The right socks
When trying on shoes, make sure you are wearing the appropriate socks. For instance, if you are trying on boots that you would wear with heavy socks, don’t try them on with thin nylons.
The right time
The best time to try on shoes is usually at the end of the day, when your feet are most swollen. The point of waiting until the end of the day is to make sure that the footwear can fit you at your widest-- kind of a "worst case scenario" check.
The right foot
The first shoe you try on should be for your larger foot. For most people, their larger foot is the opposite from the hand they write with. For example, if you’re right handed, your left foot might be bigger. Always fit the pair of shoes to this foot.
The right step
Stand up with your shoes on. Walk around. You should be able to wiggle your toes in the front of the shoe. For most footwear, your toes will be able to touch the top of the shoe, but there should be 3/8" to 1/2" of space between your longest toe and the end of the shoe. Different styles can sometimes dictate a different amount of space at the end of the shoe for example " pointed toe" style.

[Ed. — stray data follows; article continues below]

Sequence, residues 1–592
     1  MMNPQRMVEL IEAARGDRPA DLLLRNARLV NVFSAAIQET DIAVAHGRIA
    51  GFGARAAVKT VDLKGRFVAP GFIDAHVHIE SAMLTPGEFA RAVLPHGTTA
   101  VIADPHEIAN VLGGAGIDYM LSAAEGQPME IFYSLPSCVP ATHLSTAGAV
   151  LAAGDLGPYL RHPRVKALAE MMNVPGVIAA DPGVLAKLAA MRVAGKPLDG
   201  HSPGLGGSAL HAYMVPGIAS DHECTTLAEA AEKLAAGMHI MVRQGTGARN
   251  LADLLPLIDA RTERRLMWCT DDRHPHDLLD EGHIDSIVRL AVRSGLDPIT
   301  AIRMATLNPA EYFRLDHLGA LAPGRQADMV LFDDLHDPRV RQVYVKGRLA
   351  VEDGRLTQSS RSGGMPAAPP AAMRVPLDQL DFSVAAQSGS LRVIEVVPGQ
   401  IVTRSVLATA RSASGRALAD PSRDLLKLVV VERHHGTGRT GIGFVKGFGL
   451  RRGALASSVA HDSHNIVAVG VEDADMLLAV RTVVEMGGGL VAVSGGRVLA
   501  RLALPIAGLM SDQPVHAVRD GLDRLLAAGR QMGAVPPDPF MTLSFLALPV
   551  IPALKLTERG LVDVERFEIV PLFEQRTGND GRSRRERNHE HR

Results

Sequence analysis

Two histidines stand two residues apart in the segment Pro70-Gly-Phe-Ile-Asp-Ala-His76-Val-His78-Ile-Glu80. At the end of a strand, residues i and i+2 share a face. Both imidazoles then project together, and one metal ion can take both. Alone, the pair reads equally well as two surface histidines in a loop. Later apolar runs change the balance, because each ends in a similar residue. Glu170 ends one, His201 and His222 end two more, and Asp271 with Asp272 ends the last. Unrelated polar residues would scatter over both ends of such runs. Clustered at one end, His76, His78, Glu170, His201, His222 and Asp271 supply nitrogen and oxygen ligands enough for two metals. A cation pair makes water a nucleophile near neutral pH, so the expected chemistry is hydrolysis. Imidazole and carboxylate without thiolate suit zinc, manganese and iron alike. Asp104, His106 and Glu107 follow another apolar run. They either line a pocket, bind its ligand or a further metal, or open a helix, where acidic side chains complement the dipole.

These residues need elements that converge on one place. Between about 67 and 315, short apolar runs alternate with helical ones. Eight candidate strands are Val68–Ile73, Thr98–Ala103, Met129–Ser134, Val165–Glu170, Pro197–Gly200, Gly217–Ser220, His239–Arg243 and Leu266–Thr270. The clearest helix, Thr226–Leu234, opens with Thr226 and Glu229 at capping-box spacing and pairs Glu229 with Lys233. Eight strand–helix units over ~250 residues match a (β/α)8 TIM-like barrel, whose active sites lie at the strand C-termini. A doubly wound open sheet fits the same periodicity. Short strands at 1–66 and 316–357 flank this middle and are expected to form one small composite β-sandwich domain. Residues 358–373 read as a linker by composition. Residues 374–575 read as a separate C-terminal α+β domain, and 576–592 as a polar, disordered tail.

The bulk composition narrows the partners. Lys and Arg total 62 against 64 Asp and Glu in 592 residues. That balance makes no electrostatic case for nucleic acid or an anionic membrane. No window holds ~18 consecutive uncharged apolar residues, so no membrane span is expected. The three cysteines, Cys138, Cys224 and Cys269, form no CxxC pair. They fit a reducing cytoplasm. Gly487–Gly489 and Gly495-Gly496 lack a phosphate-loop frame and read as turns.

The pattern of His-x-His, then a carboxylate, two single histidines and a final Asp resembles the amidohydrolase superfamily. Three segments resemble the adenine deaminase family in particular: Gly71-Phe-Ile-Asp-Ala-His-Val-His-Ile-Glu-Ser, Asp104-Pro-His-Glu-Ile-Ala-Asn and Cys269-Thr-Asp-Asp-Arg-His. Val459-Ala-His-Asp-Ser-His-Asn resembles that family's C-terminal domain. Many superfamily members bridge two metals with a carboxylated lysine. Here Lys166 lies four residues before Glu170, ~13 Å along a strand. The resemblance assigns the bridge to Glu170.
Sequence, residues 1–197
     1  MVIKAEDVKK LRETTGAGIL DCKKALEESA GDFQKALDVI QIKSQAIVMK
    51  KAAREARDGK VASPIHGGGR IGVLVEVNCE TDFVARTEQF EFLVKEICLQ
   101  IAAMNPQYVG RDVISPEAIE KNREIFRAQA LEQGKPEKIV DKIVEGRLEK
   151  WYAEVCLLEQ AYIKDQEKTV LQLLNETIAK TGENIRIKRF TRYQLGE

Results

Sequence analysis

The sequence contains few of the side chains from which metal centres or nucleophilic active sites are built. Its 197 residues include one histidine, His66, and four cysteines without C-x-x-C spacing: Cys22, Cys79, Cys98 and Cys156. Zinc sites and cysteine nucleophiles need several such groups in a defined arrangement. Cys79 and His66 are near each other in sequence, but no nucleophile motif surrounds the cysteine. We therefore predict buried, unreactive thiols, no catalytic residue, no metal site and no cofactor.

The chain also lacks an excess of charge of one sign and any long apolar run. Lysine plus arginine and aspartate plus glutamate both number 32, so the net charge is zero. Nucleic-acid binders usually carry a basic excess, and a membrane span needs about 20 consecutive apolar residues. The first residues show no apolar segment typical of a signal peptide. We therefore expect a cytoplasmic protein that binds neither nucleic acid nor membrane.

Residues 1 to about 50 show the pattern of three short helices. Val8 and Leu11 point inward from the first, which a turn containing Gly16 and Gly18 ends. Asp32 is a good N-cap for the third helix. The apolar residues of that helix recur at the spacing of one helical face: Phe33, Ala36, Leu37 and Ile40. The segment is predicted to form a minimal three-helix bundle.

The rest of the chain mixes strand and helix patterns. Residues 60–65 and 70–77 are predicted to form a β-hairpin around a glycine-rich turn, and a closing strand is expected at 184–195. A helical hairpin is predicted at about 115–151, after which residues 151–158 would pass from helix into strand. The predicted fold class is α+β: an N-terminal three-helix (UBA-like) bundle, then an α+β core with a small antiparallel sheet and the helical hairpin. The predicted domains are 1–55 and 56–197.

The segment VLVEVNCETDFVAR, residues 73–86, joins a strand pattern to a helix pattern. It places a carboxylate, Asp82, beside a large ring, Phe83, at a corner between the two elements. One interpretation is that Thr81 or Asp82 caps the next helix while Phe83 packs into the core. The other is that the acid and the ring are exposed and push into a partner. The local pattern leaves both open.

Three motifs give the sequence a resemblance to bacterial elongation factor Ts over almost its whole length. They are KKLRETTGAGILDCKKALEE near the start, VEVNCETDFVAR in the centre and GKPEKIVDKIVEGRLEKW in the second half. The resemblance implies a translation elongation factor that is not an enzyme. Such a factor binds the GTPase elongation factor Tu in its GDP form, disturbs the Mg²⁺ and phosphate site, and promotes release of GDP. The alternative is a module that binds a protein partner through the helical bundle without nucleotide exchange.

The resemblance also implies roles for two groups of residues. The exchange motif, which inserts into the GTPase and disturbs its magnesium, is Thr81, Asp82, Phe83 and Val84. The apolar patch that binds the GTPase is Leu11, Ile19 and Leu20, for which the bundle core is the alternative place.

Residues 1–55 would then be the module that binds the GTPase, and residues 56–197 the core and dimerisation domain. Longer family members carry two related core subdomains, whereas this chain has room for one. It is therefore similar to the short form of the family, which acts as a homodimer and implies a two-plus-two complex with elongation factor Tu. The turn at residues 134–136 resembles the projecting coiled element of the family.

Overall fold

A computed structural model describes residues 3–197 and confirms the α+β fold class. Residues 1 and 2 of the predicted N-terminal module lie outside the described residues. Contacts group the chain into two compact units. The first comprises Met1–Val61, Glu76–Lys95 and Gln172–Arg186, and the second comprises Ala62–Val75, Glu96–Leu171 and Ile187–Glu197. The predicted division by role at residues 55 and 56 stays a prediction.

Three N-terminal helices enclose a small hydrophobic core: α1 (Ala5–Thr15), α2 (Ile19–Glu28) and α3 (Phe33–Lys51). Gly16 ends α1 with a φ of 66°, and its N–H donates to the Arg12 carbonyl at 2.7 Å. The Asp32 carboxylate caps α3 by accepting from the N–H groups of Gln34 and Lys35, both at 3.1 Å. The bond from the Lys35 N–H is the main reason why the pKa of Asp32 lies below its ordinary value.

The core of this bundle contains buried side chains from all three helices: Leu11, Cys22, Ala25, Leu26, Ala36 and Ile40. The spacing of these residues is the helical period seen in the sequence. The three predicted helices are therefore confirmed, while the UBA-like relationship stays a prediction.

The right shoe
Don’t buy shoes that are too tight. If you’re at the point where you’re hoping they will stretch to be comfortable, they probably won’t. It’s true that soft leather and suede give slightly, moulding to your foot, but they will not dramatically increase in width or length. There’s a difference between a "snug", comfortable fit and a "tight", uncomfortable fit. A few laps in the store should help you decide how you feel.